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Published on 9 June 2010

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Fixed dose versus patient specific dosing of anticancer agents

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Since the number of patients being treated for cancer increases as we live longer it is in all our interests to ensure that we explore any and all options which could keep us on the right side of the efficacy versus toxicity graph

Bruce Burnett
BSc (Hons) MMedSci RICR MRPharmS
Pharmacy Department
Glan Clwyd Hospital
Betsi Cadwaladr University Health Board
Rhyl, Wales

Individualised dosing of chemotherapy using body surface area is an entrenched methodology. Its limitations, whilst being acknowledged have never resulted in a generally accepted or widely used alternative.

The inaccuracies of the various equations are well documented and for any given individual the range of values produced is quite wide. Coupled with an inability to agree on whether ideal body weight, actual body weight or lean body weight should be utilised at extremes for cachectic or obese patients and the elderly it seems sensible to consider alternative descriptors of dose. The fact that current body surface area (BSA) based dosing gives such a range of responses within a population adds to cries for alternative dosing methodologies to be considered.[1] Indeed it has been the subject of a recent Drug and Therapeutics Bulletin.[2] The magnitude of dose differences associated with a range of BSA values is at most two fold with other factors, eg, excretion accounting for a four to 10 fold pharmacokinetic variation. This highlights the evidence from earlier studies relating BSA to pharmacokinetics of many cancer drugs and that for the majority there was little or no correlation.[3]

However the fact remains that BSA based dosing is not the only way to individualise dose. Pharmacokinetically guided dosing or therapeutic drug monitoring (TDM) is undertaken on a number of drugs and the paper by Yi Hon et al[4] summarises some of these drugs and the associated parameters measured to guide dosing. Carboplatin is probably the most widely used drug which we dose individually without BSA. The Calvert equation utilises accepted pharmacokinetic (PK) data, the area under the curve (AUC), toxicity for a given exposure and an individual’s renal function. An alternative to this is the Chatelut equation which utilises a population based pharmacokinetic equation to arrive at the dose. Population based pharmacokinetic dosing is being studied in a number of other drugs, eg, cladribine. Methotrexate serum levels are monitored during high dose therapy to minimise the toxicity by indicating the folinic acid doses required to ameliorate the toxic effects. More recently 5FU serum level monitoring has been shown to affect overall survival in the metastatic colorectal cancer setting.[5]

Phenotyping and genotyping are still in relative infancy but the potential benefit of isolating individuals to whom drug doses require adjustment or where alternative drugs should be used has obvious benefits. Similarly where clearance may be affected in groups of individuals, eg, docetaxel and cytochrome p450 CYP3A4, the use of probes (erythromycin breath test for docetaxel), or where response is likely (HER2 testing for trastuzumab and kras testing for cetuximab). This helps us move towards the holy grail of individualised dosing, maximising efficacy and minimising toxicity, especially if used alongside TDM for subsequent dose adjustment.

Individualised dosing has a number of benefits but is currently limited by:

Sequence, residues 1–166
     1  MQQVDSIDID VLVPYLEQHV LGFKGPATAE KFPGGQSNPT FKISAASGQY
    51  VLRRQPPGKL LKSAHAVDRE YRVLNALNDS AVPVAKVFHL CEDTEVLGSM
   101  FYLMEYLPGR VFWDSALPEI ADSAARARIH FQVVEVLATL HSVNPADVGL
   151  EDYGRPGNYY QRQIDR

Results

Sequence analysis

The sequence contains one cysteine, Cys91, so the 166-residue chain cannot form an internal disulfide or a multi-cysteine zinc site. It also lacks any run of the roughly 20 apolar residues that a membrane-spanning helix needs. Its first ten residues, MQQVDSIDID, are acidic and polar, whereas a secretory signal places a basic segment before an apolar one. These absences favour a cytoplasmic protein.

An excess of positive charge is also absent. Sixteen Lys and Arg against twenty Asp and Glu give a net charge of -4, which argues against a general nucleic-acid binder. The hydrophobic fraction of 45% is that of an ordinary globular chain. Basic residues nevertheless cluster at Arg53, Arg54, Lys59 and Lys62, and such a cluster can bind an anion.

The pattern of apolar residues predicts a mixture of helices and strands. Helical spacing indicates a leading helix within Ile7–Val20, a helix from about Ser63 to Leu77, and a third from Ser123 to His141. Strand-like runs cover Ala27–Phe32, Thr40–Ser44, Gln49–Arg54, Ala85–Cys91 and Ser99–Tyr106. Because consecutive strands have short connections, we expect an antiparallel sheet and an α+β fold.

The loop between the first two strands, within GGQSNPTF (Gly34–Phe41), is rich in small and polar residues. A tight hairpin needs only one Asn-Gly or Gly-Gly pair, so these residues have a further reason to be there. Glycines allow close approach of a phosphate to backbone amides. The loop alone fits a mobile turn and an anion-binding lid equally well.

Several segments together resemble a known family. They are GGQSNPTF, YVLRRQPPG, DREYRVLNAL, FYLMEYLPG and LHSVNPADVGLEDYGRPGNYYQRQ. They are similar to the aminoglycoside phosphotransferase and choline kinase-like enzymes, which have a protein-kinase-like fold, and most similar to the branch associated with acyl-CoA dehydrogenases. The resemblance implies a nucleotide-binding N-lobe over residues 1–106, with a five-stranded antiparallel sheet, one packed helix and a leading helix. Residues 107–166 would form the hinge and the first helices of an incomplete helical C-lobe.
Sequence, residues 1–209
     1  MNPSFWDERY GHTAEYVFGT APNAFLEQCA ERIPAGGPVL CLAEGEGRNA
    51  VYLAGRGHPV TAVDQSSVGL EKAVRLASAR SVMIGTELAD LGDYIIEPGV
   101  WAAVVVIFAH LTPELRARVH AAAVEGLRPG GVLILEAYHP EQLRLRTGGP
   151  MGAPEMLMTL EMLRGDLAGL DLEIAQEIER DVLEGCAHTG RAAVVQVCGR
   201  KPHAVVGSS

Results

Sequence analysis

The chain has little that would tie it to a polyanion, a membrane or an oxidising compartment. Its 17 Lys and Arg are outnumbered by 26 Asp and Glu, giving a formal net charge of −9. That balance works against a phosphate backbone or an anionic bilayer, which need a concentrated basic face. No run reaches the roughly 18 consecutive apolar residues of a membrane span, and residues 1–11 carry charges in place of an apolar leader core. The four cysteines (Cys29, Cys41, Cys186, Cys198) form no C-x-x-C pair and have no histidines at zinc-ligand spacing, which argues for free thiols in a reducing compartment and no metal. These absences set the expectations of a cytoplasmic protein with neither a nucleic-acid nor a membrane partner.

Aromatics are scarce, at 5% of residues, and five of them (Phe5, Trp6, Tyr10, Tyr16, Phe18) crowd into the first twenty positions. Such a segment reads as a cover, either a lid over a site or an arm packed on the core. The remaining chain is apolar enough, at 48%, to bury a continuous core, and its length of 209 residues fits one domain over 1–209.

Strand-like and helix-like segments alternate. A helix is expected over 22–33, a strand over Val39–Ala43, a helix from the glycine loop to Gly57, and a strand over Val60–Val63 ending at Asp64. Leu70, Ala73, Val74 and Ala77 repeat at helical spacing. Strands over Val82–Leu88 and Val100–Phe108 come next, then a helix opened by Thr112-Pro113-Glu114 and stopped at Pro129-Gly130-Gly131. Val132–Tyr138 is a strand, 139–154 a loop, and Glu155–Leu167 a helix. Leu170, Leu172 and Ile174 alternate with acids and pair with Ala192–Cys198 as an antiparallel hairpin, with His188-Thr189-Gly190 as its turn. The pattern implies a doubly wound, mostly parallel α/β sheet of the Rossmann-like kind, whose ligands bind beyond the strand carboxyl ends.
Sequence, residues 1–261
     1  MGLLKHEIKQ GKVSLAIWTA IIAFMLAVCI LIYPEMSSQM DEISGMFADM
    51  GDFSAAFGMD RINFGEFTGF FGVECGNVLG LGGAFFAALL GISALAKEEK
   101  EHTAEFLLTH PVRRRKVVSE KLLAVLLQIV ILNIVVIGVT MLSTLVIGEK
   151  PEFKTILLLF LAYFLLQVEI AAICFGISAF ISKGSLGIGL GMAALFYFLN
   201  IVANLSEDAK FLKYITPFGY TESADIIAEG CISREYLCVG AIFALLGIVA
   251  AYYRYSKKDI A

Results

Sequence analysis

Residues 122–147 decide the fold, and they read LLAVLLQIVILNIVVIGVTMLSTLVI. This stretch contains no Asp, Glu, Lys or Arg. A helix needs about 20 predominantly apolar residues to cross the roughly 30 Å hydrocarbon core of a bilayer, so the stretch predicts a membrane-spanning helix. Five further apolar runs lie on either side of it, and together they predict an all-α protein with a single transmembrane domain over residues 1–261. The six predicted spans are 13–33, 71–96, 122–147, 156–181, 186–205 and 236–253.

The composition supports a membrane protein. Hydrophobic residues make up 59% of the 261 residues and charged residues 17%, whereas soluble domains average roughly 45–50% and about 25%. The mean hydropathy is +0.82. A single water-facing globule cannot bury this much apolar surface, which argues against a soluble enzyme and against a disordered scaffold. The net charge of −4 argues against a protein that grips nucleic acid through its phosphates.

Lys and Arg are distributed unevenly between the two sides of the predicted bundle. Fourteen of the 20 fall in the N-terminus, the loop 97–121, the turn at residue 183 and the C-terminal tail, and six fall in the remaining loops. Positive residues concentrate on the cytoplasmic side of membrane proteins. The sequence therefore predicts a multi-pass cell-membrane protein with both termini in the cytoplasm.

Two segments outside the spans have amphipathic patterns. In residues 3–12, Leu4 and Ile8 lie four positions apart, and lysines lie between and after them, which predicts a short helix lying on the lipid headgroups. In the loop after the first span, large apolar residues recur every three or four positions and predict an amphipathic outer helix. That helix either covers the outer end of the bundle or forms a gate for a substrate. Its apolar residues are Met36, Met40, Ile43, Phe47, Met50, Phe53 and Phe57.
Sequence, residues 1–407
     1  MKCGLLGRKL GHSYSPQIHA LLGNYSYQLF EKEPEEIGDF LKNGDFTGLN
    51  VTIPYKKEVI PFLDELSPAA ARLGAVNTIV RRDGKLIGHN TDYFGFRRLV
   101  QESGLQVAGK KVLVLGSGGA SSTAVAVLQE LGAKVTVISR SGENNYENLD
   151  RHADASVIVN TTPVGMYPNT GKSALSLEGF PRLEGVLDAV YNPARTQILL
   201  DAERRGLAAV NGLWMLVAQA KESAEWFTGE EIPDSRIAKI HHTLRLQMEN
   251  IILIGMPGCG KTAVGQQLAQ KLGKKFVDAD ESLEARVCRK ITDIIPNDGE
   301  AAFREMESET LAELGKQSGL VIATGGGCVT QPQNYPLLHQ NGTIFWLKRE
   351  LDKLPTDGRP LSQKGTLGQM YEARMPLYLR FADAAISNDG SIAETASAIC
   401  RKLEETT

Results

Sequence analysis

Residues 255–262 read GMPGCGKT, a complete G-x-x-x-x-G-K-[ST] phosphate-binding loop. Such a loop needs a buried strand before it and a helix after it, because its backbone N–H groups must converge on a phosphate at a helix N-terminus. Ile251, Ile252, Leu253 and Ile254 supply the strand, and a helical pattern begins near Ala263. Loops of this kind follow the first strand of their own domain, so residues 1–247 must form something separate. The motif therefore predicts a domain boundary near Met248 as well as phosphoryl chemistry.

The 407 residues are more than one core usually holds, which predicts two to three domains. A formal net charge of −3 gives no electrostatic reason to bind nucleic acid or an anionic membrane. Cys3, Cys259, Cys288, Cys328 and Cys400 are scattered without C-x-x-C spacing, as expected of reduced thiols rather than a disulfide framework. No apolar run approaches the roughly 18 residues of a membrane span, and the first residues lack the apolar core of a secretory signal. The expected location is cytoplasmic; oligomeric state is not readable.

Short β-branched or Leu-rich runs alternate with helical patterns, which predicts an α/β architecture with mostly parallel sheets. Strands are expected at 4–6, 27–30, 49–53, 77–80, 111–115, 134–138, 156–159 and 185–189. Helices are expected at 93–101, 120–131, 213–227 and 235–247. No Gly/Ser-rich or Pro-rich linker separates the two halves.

• Technology.
  • Agreement on the surrogate to measure (ie, is toxicity related to efficacy/response) having a test that is not affected by concomitant therapies – either for their cancer therapy or co-morbidities – variability of AUC for 5FU across a range of regimens has been shown.[6]
  • Availability of easy measurement, with an agreed frequency providing an accurate and timely result on which to act.

This is something which is currently either impossible or very difficult but as technology improves this will become more likely.

In the absence of accurate/available individualised dosing for chemotherapy drugs is it sensible to continue with BSA based dosing. This is particularly so since we arbitrarily adjust dose for elderly, less fit patients, cap doses etc with minimal evidence for such strategies.[7] The paediatric population provides an even greater test of alternatives to BSA based dosing due to a greater BSA range and other factors.

The limitations of BSA based dosing outlined previously led to the process of dose banding – essentially the same dose being given to a group of patients with similar BSAs. A ± 5% deviation from actual dose has been accepted by many, including a number of clinical trials in the UK. Within Wales a group is looking to extend the deviation range to ± 10% from actual dose. This is based on the range of errors associated with dose preparation – syringes, raw materials (BP limits and manufacture limits within batches) and considering whether any clinical limits to its adoption would remain, eg, adjuvant or curative therapies and clinical trials. When utilising a ± 10% values the majority of drugs can be limited to just 3 doses to cover a BSA range of 1.3–2.2m[2]. An example is shown in Table 1.

If we accept the ± 10% deviation argument then the flat fixed dosing option becomes more attractive. Comparison of flat fixed dosing versus BSA based dosing for a range of monoclonal antibodies has been explored by Wang et al.[8] They showed that the differences between the methods were minimal and Mathijssen[9] has shown very similar results when applied to a range of traditional cytotoxic agents. For some drugs/regimens flat dosing is already well accepted, eg, bleomycin within the BEP regimen. It is a methodology that we feel comfortable with for signal inhibitors, eg, erlotinib, sunitinib and imatinib and routinely outside cancer. The benefits of flat dosing are obvious – cheaper for manufacturers to produce fewer/one vial size, reduced risk of dose miscalculation, reduced in-process wastage during dose preparation and if extended stability of ready to use solutions can be determined, potentially there are reduced preparation risks and an easing of workload on our aseptic units. Flat fixed dosing studies in general have been small numbers or single institution data and still require wider validation.